The Special One, The Happy One, The only one, Ze Mario, Jose Mourinho’s legacy spanning from his unlikely triumph with Porto in the 2003-2004 UEFA Champions League, and his nomadic coaching carreer has seen him rack up a number of nicknames, as well as trophies across Europes. However, with Manchester United opting to terminate his contract with the team earlier this week, many have pointed out to a rather strange pattern- his struggle with teams after his second season in charge.
With Porto, Inter Milan, Real Madrid, Manchester United and his two stints at Chelsea, he departed or was forced out on or before his third season- a case of lightening striking the same place one time too many. There is a bigger picture to this pattern, as we take a journey to the illustrous, yet controversial career of a coaching genius with a football philosophy antagonized by many, but with a trophy count almost equal to the number of antagonists.
Jose Mourinho: Coaching Philosophy and Underdog Specialist
About a year ago, I wrote an article that talked about the tactics of the Portuguese tactician and you can quickly take a glimpse by clicking on the link.
A master in setting up near impenetrable barricades at the back, and making you pay for the slightest of mistakes in your own half, Mourinho has always set up his team to be without the ball, believing that the team with the ball is likelier to make mistakes. Anti-football, negative football, or whatever name you have in mind for this, it has worked for him and he has been vocal about his achievements throughout his managerial career. The feat he has attained with clubs like Porto, Chelsea, Inter Milan have shown a side to the man, many have been blind to- his capability in inspiring lesser sides and underdogs to unimaginable success.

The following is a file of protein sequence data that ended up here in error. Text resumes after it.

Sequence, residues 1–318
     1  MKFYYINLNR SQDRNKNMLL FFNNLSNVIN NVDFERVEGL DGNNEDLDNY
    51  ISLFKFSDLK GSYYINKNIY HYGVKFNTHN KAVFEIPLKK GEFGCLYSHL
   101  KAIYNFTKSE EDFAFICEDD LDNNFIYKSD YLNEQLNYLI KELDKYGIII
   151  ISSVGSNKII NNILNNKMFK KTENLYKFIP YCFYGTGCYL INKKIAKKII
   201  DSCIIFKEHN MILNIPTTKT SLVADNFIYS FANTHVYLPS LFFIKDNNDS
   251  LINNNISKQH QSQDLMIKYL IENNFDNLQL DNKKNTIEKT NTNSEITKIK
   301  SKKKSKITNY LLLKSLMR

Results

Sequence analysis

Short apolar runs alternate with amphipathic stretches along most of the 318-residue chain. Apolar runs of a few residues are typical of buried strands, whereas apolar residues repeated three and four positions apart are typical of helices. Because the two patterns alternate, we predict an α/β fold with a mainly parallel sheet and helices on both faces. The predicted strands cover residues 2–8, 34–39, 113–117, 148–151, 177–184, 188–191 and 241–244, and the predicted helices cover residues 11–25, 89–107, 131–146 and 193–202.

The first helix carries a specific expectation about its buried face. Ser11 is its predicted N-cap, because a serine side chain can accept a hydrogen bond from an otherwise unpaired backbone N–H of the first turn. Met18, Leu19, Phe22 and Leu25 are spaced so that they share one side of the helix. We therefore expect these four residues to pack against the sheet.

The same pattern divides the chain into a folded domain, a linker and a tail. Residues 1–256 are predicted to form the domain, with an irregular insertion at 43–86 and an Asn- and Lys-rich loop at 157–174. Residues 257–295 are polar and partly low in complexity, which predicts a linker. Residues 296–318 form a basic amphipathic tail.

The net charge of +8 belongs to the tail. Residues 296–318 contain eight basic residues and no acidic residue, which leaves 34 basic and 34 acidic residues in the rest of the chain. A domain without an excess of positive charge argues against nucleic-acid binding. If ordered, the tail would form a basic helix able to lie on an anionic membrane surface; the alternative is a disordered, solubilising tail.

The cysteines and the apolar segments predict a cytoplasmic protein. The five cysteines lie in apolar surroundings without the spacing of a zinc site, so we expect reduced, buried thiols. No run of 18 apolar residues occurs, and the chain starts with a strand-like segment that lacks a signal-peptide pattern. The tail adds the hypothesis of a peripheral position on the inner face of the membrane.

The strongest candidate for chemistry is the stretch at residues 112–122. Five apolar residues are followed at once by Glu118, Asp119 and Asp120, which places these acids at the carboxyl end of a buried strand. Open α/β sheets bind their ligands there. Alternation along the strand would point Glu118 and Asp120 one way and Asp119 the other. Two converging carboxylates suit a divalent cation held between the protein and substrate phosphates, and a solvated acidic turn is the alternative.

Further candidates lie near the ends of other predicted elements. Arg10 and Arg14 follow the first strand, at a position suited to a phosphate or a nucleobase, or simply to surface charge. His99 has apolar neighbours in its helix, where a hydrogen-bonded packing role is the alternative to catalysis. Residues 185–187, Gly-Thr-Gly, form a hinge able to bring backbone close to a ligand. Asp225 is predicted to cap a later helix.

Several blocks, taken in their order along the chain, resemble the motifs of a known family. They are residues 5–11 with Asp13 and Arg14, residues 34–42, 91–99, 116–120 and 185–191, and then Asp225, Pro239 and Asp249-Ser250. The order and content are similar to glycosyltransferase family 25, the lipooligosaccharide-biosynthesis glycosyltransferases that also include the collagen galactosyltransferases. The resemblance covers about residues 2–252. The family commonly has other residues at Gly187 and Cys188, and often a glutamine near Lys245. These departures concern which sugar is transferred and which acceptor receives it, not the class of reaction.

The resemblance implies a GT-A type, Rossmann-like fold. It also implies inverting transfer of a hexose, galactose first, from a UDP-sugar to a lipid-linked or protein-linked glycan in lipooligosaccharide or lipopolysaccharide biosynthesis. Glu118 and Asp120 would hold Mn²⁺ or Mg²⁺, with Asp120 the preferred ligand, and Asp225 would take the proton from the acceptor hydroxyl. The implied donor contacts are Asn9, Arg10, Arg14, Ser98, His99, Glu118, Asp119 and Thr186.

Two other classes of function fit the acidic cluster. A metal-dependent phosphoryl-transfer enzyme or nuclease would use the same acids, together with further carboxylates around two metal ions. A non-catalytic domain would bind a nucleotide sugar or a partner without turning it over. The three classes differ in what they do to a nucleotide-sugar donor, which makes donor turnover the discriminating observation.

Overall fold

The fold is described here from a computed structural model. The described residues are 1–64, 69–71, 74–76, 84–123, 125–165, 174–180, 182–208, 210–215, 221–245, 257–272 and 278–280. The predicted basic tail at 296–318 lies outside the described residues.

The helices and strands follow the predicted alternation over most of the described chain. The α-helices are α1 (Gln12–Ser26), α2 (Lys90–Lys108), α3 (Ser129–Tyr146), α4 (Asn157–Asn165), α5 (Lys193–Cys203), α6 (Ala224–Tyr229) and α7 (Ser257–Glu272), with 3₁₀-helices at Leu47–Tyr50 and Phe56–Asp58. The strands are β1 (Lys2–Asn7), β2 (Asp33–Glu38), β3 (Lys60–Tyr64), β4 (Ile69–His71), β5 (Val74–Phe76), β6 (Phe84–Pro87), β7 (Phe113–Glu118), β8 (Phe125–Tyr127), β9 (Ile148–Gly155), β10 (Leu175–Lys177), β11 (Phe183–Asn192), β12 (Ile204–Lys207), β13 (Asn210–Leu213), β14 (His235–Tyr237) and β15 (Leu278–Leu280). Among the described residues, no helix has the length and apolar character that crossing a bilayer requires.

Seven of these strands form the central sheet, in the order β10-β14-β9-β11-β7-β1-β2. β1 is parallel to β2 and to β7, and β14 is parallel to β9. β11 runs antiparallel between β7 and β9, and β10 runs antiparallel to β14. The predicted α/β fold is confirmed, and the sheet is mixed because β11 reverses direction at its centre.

“I have won eight League titles in my career and I am the only manager in the world who has won in Italy, Spain and England – not small titles, not small countries, eight proper titles. But my second position last season is one of my greatest achievements in football.
“Two seasons ago we had a fantastic season by winning the Europa League and last season everybody thought Atletico Madrid did amazing, because they won the Europa League after being knocked out of the Champions League. We won the Europa League, because that was our level, and we are the last team in England to win a European competition.” However, this is as good as it gets for the Portuguese, who seems to lack the middle part of his nickname (The Special One) after his second season
with the clubs he has coached.
Why does Mourinho fail after his second season?
Firstly, Mourinho’s tactics is one which is solely dependent on the final result. That is if his team is not winning, you can barely find a means to defend- as an analyst or to smile – as a fan. Without victory, there is hardly any positive.
Furthermore, after winning trophies in his first and second season with a club, some players become more difficult to “inspire”, while others become fed up with being subjected to playing the Mourinho way.
Star names like Cristiano Ronaldo, Paul Pogba, and Eden Hazard each had their episodes of fallouts with Mourinho, being unhappy with his playing style.
Simply put, it has been difficult to maintain longevity with his style, having a maximum lifespan of three years.
Have we seen the last of Jose Mourinho?
I strongly doubt that we have. As Pep Guardiola rightly said after his dismissal
“I am on his side, the managers – we are alone,” he said. “They contract us to try to win, when we don’t win I know what happens.
“I know exactly what they can feel. Always I am there because we feel very alone, all the pressure is on our shoulders.
“He has a lot of experience, he is a tough man, he is coming back soon and we are going to play again.”
When he is coming, where he is going, I do not know. But one thing is certain, Jose is coming back soon!
University of Benin,